Private information whs received of a contemplated attack on the Pontardulais turnpike gate, within nine miles of Swansea, and about four miles from Penllergare, the residence of Mr. John Dillwyn Llewellyn, a magistrate of the county, possessed of considerable landed property, and a gentleman who has taken a very active part, not only in the suppression of the outrages, but who is admitted to be one of the foremost in the proceedings recently instituted for the punishment of those unprincipled persons, who, by their plunder of the poor traffickers on the road, had brought themselves under the inflictive operation of the law.

Mr. Llewellyn and Mr. Llewellyn Dillwyn, in conjunction with Mr. Matthew Moggridge, (magistrate of this county,) adopted such means as were deemed best to prevent the success of the intended attack. These three gentlemen immediately put themselves in communication with Capt. Napier, chief constable of the county of Glamorgan, and Mr. Superintendent Peake, aided by six of the county police, and the whole party, only eleven in number, by extreme caution, much adroitness, and tact, succeeded in placing themselves in ambush without exciting the suspicions of the Rebeccaites and in accomplishing this, there was considerable difficulty. Previously to the march of the toll-house destroyers, three rockets were discharged, one from Penllergare, one from near Swansea, and one from the neighbourhood of Llanelly; the first indicating that all appeared safe at the squire’s, the second, that the dragoons were not stirring from the town, and the third, that all was right at Llanelly.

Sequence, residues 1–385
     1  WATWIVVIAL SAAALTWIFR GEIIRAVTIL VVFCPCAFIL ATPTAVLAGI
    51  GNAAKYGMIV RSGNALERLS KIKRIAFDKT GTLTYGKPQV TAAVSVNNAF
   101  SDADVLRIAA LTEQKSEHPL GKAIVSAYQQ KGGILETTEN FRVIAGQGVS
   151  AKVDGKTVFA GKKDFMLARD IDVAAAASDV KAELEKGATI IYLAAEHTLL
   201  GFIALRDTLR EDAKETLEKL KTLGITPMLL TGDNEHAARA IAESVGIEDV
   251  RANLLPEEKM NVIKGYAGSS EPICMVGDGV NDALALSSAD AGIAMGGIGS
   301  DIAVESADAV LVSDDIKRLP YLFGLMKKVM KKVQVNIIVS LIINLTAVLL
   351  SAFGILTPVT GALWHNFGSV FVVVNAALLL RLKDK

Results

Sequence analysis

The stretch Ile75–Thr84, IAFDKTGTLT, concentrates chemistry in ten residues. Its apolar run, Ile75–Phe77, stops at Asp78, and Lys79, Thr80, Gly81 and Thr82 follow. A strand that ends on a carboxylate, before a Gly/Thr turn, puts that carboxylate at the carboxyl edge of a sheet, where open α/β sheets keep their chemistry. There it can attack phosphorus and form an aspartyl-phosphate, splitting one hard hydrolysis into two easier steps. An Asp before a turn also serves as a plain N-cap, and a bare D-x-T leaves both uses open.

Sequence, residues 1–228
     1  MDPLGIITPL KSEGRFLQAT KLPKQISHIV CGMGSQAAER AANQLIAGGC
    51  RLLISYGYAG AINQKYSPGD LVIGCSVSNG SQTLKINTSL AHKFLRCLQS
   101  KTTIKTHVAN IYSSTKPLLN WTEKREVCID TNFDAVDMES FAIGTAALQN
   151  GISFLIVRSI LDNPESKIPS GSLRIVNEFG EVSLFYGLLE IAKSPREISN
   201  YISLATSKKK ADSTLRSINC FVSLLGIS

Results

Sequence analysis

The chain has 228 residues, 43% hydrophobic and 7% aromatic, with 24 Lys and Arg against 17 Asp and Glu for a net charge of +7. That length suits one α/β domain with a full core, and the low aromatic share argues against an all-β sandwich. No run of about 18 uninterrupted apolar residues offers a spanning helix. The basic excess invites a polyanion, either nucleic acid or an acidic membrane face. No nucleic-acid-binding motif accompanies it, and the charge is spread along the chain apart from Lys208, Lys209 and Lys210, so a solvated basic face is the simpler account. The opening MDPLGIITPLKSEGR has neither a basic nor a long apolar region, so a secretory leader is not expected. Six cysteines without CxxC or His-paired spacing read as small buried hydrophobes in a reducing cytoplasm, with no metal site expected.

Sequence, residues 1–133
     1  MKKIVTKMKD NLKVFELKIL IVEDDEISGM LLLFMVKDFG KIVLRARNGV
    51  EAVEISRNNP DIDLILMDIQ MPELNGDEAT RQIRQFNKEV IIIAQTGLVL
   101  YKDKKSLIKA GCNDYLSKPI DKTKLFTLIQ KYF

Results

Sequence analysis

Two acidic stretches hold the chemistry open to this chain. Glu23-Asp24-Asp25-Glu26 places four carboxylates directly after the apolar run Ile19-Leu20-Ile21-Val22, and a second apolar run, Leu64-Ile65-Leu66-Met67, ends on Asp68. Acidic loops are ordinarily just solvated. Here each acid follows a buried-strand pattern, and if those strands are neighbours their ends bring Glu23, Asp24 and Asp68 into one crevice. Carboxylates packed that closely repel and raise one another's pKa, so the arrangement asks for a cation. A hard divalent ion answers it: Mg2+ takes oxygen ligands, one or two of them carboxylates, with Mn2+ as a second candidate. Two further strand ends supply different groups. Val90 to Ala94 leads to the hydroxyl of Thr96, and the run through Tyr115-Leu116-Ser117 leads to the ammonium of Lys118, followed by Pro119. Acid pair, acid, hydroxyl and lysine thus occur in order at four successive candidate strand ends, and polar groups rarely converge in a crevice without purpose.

Becca and family, thinking from these bright signs in the sky, that there was a clear stage, rushed from the hills, and swept like a torrent over the plains, little dreaming that the Philistines were out, or that, as they say, the “wolf was on the walk.”